Principle #2: Pair the texture and weight of wine and cheese: The texture of a cheese is an important window into its flavor and can aid in finding a great wine to match it. For instance, if a cheese is creamy and viscous, like Brie, you would want to match it with a wine with similar qualities, say a creamy, buttery Chardonnay. Or, if you’re in the mood for a semi-hard cheese like cheddar, a medium-bodied Zinfandel would probably work best. Some classic examples of this principle include Manchego and Rioja, Gruyère and Gewürztraminer and washed-rind cheese and Cabernet Franc.
Try the 2010 Cune Rioja Crianza ($14) from Spain paired with a nutty Manchego cheese
Principle #3: Pair wines and cheeses with opposite flavors: This may appear contrary to the first pairing tip, however, if you are a fan of sweet and salty or sweet and savory flavors together, this might be the principle for you! Choosing opposing flavors in wine and cheese can make for some delicious flavor combinations. If you have a salty cheese, then it will generally pair well with a sweet wine – as long as the saltiness and sweetness are in balance. Classic “opposite” cheese and wine pairings include Roquefort and Sauternes and Stilton and Port.
Try the 2013 Anne Amie Cuvée A Müller-Thurgau ($16) from Oregon’s Yamhill-Carlton district paired with an aged blue cheese
While these pairing principles can serve as a guide for establishing some wonderful wine and cheese pairings, the best practice is to experiment and discover what truly pleases your palate! What are some of your favorite wine and cheese pairings?
The post Homage to Fromage: 3 Key Wine & Cheese Pairing Principles! appeared first on The Glamorous Gourmet.
The Fourth of July is upon us and whether you’re hosting a party at home, spending the day at the beach or traveling to your favorite vacation spot it’s time to select your wines for this festive day!
Summer celebrations often involve groups of friends and family so this is the time of year for wines which are refreshing and delicious that won’t break the bank. Rather than contemplating an aged Bordeaux you’re much more likely to be tending burgers and dogs on the grill while the kids do cannonballs into the pool! From a California bubbly to a juicy Italian red, here are The Wine Atelier’s suggestions for your Fourth of July festivities:
Limited Edition Domaine Chandon Blanc de Noirs Brut, California, NV ($20): Based on its stylish red, white and blue bottle this is the hands down perfect wine to serve your guests on this most patriotic of holidays! Fortunately, what’s in the bottle is equally as fabulous. This limited edition sparkling wine from California’s Domaine Chandon is made using the Methode Traditionelle (aka Methode Champenoise) the same method used to make Champagne. It is a blend of Pinot Noir and Pinot Meunier, the only two red grapes allowed in the production of Champagne. This sparkling wine is fruit forward and imminently enjoyable when served on its own, but also makes a great selection for making The Glamorous Gourmet’s signature holiday cocktail, the Fourth of July Pomegranate-Aperol Royale!
Seven Hills Dry Rosé, Columbia Valley, Washington, 2013 ($16): 2013 is the first vintage of this delightful dry rosé from Seven Hills winemaker and owner Casey McClellan whose family has been making wines in Eastern Washington since 1880. Based on specific vineyard blocks of Bordeaux grape varieties which are farmed specifically for this wine, the grapes are hand picked 2-3 weeks prior to the red wine harvest. Crafted in the tradition of classic French Provencal rosés, this wine is delicate and refreshing, pale in color, and bone-dry on the finish (not to be confused with cloyingly sweet white zinfandel or other lesser quality “blush” wines). This rosé is a blend of 70% Cabernet Franc, 15% Petit Verdot and 15% Malbec which exhibits aromas of white flowers and peach followed on the palate by flavors of grapefruit, papaya, fresh herbs and a hint of spice. Due to it’s lovely structure and presence I call this wine the “Red Wine Drinker’s Rosé”!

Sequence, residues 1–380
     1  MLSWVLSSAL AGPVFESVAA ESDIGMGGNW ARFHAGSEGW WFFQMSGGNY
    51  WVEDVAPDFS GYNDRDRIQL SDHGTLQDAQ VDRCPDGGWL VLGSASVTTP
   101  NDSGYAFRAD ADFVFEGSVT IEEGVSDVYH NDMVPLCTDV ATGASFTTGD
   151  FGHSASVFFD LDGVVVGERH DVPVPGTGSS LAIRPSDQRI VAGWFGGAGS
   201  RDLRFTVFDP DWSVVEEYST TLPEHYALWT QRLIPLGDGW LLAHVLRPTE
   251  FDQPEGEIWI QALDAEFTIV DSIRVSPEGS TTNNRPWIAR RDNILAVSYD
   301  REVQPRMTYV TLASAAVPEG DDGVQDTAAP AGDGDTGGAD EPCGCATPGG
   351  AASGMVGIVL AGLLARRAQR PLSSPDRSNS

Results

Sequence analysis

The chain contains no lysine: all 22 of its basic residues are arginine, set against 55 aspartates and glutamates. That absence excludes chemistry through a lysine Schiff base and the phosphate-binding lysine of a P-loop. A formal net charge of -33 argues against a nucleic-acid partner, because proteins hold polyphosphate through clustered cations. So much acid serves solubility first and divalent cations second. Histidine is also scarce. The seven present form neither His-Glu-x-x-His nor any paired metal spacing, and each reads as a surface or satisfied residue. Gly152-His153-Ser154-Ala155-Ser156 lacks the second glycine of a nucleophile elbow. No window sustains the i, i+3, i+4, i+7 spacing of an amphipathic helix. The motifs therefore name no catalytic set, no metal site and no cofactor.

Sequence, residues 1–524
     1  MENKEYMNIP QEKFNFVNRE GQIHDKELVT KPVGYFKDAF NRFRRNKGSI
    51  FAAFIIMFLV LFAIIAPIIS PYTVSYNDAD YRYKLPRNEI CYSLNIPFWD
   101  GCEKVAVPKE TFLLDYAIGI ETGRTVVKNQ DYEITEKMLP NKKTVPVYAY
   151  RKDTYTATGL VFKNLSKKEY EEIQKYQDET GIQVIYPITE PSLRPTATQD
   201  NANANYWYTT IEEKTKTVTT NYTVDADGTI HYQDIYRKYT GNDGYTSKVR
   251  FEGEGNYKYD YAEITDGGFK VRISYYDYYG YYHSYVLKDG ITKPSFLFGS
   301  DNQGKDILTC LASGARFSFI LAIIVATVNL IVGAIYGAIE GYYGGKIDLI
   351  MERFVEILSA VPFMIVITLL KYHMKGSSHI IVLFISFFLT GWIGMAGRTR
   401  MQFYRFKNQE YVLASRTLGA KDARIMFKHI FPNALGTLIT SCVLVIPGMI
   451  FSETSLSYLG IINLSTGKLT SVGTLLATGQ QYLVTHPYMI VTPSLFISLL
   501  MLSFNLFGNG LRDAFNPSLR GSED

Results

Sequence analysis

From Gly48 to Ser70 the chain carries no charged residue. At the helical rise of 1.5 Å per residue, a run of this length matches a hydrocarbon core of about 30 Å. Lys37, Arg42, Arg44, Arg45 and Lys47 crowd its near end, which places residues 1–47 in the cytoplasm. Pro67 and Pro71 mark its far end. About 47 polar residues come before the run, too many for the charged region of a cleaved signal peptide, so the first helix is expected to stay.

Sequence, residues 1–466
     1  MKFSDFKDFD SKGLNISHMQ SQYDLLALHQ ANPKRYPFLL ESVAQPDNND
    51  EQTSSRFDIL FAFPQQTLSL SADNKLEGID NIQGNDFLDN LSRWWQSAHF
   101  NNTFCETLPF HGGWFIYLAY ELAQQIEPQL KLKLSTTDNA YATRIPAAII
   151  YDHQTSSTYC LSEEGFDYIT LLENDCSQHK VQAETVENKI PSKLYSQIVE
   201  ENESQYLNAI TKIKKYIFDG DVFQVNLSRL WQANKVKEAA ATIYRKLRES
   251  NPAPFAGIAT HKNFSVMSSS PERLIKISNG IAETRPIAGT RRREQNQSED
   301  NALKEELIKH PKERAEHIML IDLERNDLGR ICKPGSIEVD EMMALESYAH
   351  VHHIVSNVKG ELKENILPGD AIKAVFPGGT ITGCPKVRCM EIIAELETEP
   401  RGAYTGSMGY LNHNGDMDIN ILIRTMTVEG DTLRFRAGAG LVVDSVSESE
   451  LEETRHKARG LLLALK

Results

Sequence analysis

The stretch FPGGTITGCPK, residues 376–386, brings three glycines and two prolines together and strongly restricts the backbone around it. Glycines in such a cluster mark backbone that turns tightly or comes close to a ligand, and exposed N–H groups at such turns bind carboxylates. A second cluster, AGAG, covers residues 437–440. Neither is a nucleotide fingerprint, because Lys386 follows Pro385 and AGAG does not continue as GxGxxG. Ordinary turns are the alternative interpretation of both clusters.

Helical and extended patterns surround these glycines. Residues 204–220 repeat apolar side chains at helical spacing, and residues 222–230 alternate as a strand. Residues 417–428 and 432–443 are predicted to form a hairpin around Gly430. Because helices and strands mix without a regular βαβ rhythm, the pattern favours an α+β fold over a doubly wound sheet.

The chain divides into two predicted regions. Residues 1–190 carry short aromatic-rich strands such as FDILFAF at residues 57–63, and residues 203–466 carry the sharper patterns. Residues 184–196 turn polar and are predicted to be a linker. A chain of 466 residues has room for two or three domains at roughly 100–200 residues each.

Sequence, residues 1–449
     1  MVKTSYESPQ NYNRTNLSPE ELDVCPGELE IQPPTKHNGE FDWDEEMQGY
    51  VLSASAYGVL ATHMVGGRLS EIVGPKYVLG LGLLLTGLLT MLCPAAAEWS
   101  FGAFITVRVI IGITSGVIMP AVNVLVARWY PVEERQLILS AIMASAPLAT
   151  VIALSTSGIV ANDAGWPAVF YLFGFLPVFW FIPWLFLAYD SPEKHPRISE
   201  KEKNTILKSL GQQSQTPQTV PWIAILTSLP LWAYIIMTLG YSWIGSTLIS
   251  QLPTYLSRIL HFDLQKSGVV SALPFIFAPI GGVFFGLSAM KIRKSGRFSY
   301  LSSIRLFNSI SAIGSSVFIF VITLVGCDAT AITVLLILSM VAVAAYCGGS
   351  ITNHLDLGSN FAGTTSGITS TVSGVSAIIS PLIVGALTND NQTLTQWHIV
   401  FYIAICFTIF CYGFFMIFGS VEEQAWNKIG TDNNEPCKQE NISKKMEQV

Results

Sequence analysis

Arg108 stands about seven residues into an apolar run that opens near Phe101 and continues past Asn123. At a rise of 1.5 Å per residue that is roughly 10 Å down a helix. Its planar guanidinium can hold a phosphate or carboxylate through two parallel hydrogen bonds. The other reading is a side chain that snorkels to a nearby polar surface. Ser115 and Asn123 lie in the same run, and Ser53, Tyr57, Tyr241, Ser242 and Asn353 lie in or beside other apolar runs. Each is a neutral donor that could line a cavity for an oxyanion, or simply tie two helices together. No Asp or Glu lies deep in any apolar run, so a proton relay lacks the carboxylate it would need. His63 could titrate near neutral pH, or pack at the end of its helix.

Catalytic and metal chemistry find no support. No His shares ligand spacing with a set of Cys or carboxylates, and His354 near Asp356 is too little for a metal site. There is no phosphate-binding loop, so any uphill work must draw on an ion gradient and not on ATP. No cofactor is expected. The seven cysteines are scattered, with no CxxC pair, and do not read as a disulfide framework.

Banfi Vermentino “La Pettegola” IGT Toscana, Italy, 2013 ($20): This delightfully refreshing Italian white wine makes an excellent alternative for those who are currently fans of Pinot Grigio and/or Sauvignon Blanc. It’s time to branch out with Vermentino, an Italian white grape variety most commonly found in the wines of Sardinia and Liguria. “La Pettegola” refers to the birds of this region and 2013 marks the debut vintage of this wine from Banfi. It is made from 100% Vermentino harvested in coastal Tuscany which is fermented entirely in stainless steel to preserves its fresh fruit and delicate floral aromas and flavors that embody the very essence of Summer. It is perfect for enjoying on its own or paired with Summertime cuisine including a shellfish platter, goat cheese salad or a selection of cheeses.
Cune Rioja Crianza, Rioja, Spain, 2010 ($14): CVNE (aka Cune) (Compañía Vinicola del Norte de España) is one of the most renowned and historic bodegas in all of Spain. Most recently, its 2004 Imperial Gran Reserva was awarded the coveted title of Wine Spectator’s 2013 Wine of the Year! The Cune Crianza is their entry level wine which is a juicy blend of indigenous red grapes including Tempranillo (80%), Mazuelo (10%) and Garnacha (10%). The grapes are from Rioja Alta vineyards which are known for producing wines with bright fruit that are light on the palate. This red wine is fermented in stainless steel tanks and then aged in American oak barrels for 1 year. The result is a wine with a bright cherry color and aromas of red berries and spice. On the palate, flavors of raspberry, earth and tobacco accompany a bright acidity and grippy tannins.
Sartori di Verona Veronese Regolo IGT, Veneto, Italy, 2010 ($24): The Sartori family has been making wine in Italy’s Veneto region for over a century, ever since Pietro Sartori purchased a small vineyard here in 1898. Today Pietro’s great grandson Andrea is at the helm of the Sartori estate today continuing his great grandfather’s unrelenting quest for quality. Only the best grapes from the hilly vineyards of Valpolicella were selected for this wine which is made from 100% Corvina Veronese grown on clay and calcareous soils. The wine is ultimately aged for approximately 18 to 24 months in medium-to-large sized oak casks followed by a minimum of 4 months in the bottle before release. The end result is a wine with a deep ruby color and aromas of roses and kirsch. On the palate, mouth-filling flavors of ripe blackberry, cherry and spice are accompanied by supple tannins and a delightfully food friendly acidity.
All Fourth of July wine selections are available at The Wine Atelier which offers free local delivery in the Boca Raton/Delray Beach area for orders over $50 and $10 shipping for any purchase of 4 bottles or more. To visit The Wine Atelier, please click here and we wish you a very happy and safe Fourth of July!